They'll probably try again in the coming days.



posted on Mar, 18 2020 @ 08:08 AM
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Starlink 5 booster loss during reentry

more bad news
They successfully launched Starlink 5, but the booster didn't make it back. The feed was lost after the reentry burn. It looked like the booster was sort of wavering and there was also what looked like debris from an engine.

www.youtube.com...
7:50 in

There was also an anomaly with the exhaust bloom just before MECO, hinting at something going wrong with an engine: twitter.com...

This is two destroyed booster in two Starlink flights with the more ambitious flight envelope.

An issue at MECO would be very bad news i think. Losing a booster during reentry is one thing, but a failure during launch will directly impact the upcoming crewed flight to the ISS. I wouldn't bet on it happening anytime soon if an engine failed before MECO.


edit on 18-3-2020 by mightmight because: (no reason given)



posted on Mar, 18 2020 @ 08:23 AM
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If only they had that magic technology from 1969.... A shame we destroyed that technology



Soon spaceX will realize the van allen belts are insurpassable, as NASA has already admitted:


edit on 18-3-2020 by cooperton because: (no reason given)



posted on Mar, 18 2020 @ 08:35 AM
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a reply to: mightmight

Flight profile flown by Starlink is much more demanding than normal launches

Reentry speeds are much higher placing higher stress than other profiles

SPACE X is probably working on a solution



posted on Mar, 18 2020 @ 09:13 AM
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a reply to: cooperton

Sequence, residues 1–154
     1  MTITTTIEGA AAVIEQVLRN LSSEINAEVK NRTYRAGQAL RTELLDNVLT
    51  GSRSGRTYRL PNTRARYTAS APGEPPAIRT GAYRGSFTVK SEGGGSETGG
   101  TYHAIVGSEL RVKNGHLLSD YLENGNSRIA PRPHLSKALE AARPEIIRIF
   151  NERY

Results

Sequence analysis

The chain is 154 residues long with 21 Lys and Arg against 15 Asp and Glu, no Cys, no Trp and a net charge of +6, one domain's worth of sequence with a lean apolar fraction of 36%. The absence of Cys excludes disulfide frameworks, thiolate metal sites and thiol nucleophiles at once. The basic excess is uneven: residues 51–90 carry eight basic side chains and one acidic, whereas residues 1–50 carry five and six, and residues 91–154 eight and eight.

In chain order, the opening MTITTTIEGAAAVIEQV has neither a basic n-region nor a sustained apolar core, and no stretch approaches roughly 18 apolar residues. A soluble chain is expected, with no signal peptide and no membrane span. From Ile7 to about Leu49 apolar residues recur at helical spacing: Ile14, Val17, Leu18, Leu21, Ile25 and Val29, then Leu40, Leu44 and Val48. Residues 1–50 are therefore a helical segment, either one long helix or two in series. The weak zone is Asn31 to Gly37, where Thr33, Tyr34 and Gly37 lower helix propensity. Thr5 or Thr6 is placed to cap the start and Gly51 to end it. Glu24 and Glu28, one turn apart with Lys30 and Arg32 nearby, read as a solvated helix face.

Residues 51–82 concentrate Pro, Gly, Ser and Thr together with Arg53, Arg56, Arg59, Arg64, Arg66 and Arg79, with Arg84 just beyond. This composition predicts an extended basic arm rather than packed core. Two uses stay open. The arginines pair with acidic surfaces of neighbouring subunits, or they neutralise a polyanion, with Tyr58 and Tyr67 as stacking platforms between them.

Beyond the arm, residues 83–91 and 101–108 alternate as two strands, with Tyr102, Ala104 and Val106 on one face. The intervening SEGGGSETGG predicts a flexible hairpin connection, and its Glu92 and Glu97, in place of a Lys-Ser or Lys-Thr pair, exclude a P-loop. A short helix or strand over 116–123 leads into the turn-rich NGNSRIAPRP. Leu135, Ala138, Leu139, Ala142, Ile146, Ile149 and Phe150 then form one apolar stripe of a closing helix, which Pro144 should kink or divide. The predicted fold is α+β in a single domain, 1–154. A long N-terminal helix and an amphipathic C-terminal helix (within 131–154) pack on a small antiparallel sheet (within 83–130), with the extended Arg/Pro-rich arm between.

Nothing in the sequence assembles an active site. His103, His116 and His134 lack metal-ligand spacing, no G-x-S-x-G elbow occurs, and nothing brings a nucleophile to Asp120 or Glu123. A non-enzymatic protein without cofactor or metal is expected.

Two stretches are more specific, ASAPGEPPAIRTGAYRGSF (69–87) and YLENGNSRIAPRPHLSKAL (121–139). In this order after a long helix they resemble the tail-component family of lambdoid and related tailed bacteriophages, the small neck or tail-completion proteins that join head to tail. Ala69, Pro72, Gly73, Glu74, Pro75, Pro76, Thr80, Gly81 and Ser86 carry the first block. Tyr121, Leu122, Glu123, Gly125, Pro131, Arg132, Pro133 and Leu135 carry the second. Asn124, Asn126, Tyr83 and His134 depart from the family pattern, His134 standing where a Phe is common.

And yet, they aren't, and they didn't. NASA was talking about Orion having to be tested going through certain portions of the belts. They're far more computerized than Apollo, which means radiation can affect them much more. The Van Allen Belts are not the uniform, impassable barrier you think and claim. Difficult in places, yes. Impossible, no.



posted on Mar, 18 2020 @ 10:15 AM
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originally posted by: firerescue
Flight profile flown by Starlink is much more demanding than normal launches

Reentry speeds are much higher placing higher stress than other profiles

SPACE X is probably working on a solution



Yes and they changed it only for this mission and the one before.
But the last time the booster aborted intentionally since they had unexpectedly bad winds over the drone ship. A nonissue, just bad luck and maybe pushing the launch a bit.
This time it looks like something went wrong just before main engine cut off during ascent. This would directly impact future launches, especially the upcoming crewed mission

Musk has confirmed an early engine shutdown.
twitter.com...
A bit too cavalier for my taste, yes the vehicle has flown a couple of times before and the crewed mission will get a new booster anyway, but they need to prioritize recovery over launch cadence.



posted on Mar, 18 2020 @ 11:05 AM
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originally posted by: Zaphod58
a reply to: cooperton

And yet, they aren't, and they didn't.


Those are official NASA scientists saying that.


NASA was talking about Orion having to be tested going through certain portions of the belts. They're far more computerized than Apollo, which means radiation can affect them much more. The Van Allen Belts are not the uniform, impassable barrier you think and claim. Difficult in places, yes. Impossible, no.


I'm going off data from temperature determinations for the exosphere and thermosphere. It is a region of about 1700 degrees Fahrenheit that is over 400km deep.



Given 400km (248 miles) of 1700 degree temperatures, I'm not sure how the apollo spacecraft, which is made of aluminum (1200 degree melting point), could have possibly made it through. Rock solid iron meteors (2,800 degree melting point) usually don't make it past this layer, yet they want us to believe an aluminum can made it?